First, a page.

Waiting at Bikaner House, Delhi

Guest article by Tushar Shukla.

Day 23 (V) ~ #BlogchatterA2Z

All artwork is done by Seema Misra, Copyright Lonely Canopy.

#BlogchatterA2Z posts:

A , B , C , D , E , F , G , H , I , J , K , L , M , N , O , P , Q , R , S , T , U , V , W , X , Y , Z

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As a kid of 10 years, I have faint memories of Bikaner House. We used to hear these words often- Sarai Kaley Khan, ISBT Kashmiri Gate, Dhaula Kuan when we used to go to Delhi by a “Semi deluxe” bus from Jaipur. Back in the 90s, going to Delhi was quite the in thing to do for us. The whole experience was well anticipated and planned. Reaching the Jaipur Sindhi Camp bus stand, leisurely watching the travelers from the seats outside close to the ticket counter, walking up to the water cooler, buying an apple juice or comic books (Chacha Chaudhary, Raj Comics) from the magazine vendor stalls. Then as our bus would get ready for boarding, we would load up our baggage in the rear compartment, and proudly board the bus. For the rest of the night, we would be on this magic ride to the city of India Gate & Lal Killa- Dilli!

One stop we eagerly looked forward to was the midway stop at Behror. I would get down sleepy eyed around 1:30 or 2 AM at the stop and run to the cafeteria there to find the ultimate object of desire, a hot piping bowl of Sambhar Vada. This was the north Indian version of sambhar with lots of coriander spice with a larger than life vada dunked carelessly in it, but for us, it was the stuff that dreams are made of. The goal was to finish it within 10 mins before the bus started again. In the odd chance of the driver being kind to us and waiting a little longer, we would even buy an espresso coffee and check out the savvy shops around, selling magazines, chocolates and cassette tapes of English music.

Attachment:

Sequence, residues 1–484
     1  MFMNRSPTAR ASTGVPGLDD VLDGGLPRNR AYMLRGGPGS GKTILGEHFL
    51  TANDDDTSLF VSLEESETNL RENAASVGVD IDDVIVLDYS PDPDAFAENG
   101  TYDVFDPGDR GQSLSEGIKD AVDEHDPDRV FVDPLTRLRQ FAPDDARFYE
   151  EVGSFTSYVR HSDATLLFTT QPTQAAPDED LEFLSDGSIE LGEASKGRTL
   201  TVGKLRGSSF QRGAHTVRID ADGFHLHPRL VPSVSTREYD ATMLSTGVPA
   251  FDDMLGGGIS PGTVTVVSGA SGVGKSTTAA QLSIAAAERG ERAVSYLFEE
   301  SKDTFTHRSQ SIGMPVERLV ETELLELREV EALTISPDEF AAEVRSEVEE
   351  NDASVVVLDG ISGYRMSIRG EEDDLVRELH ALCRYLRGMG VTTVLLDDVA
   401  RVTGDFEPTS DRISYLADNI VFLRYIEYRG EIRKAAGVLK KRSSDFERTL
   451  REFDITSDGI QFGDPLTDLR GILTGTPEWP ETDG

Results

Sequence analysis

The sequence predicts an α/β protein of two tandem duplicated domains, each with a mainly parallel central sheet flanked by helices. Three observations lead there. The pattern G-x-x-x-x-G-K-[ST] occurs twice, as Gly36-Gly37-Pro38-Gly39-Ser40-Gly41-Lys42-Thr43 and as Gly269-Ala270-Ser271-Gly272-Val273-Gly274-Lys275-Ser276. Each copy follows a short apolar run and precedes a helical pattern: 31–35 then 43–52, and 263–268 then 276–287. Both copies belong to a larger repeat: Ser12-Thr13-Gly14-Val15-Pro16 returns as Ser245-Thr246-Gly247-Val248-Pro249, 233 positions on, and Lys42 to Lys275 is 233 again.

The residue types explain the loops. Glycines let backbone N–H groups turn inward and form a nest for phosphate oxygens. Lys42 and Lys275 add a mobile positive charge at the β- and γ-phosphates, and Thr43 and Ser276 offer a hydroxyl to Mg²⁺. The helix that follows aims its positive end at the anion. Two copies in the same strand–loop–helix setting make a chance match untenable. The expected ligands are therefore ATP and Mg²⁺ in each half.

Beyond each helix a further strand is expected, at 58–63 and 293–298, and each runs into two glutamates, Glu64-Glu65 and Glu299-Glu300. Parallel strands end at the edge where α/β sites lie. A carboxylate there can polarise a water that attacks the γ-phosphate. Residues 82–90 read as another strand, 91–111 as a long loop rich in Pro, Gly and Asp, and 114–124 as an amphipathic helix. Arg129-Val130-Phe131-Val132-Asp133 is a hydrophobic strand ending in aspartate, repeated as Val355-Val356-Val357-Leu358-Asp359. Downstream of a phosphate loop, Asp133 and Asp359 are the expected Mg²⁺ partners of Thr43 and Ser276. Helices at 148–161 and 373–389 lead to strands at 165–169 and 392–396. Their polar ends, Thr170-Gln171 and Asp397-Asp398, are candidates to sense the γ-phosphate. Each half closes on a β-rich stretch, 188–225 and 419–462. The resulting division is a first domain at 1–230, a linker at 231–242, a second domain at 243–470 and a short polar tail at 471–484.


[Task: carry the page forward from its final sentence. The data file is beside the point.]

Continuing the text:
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A few hours later, we would enter Delhi through Gurgaon. Delhi had this foggy smoky air, and in those times, it used to feel like we have really arrived at someplace transformative. The broad roads, a line of trees, fast moving vehicles, people who sported a look of menace and smoldering indifference, distinct neighborhoods and suburbs with quirky names. We would get down at Dhaula Kuan most of the times, and catch an auto from the impossible hordes of auto drivers fighting over us at this wee morning hour.

After we were done exploring Delhi, we would head to Bikaner House to catch the return bus. Bikaner House was automatically a hallowed place, as it was within the viewing distance of India Gate. Pandara Road was the name of the street. Our auto would get us there through the perfectly geometrical and concentric street patterns of Lutyens’ Delhi with beautiful monuments, buildings and statues, lots of them. Roads were emptier with fewer shops. In those days, seeing “Nayi Dilli” scribbled over shops used to fill my stomach with all kinds of butterflies.

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Bikaner House was a posh bus stand, that never looked like a bus stand. It was an administrative building surrounded by many other administrative buildings. The waiting room had an AC, quite a feat back then, and even a water cooler. Much later they, installed a TV as well. We bought the ticket at the counter, and then did what we were destined to do – wait. Waiting at Bikaner House was a luxury, listening to the Walkman, reading a magazine, checking out other travelers with the judgmental eyes of a pre-teen, it was all that I ever wanted in a trip. I never wanted the bus to arrive but it did, and we would board it and bid farewell to Bikaner House, with a promise to see it again soon.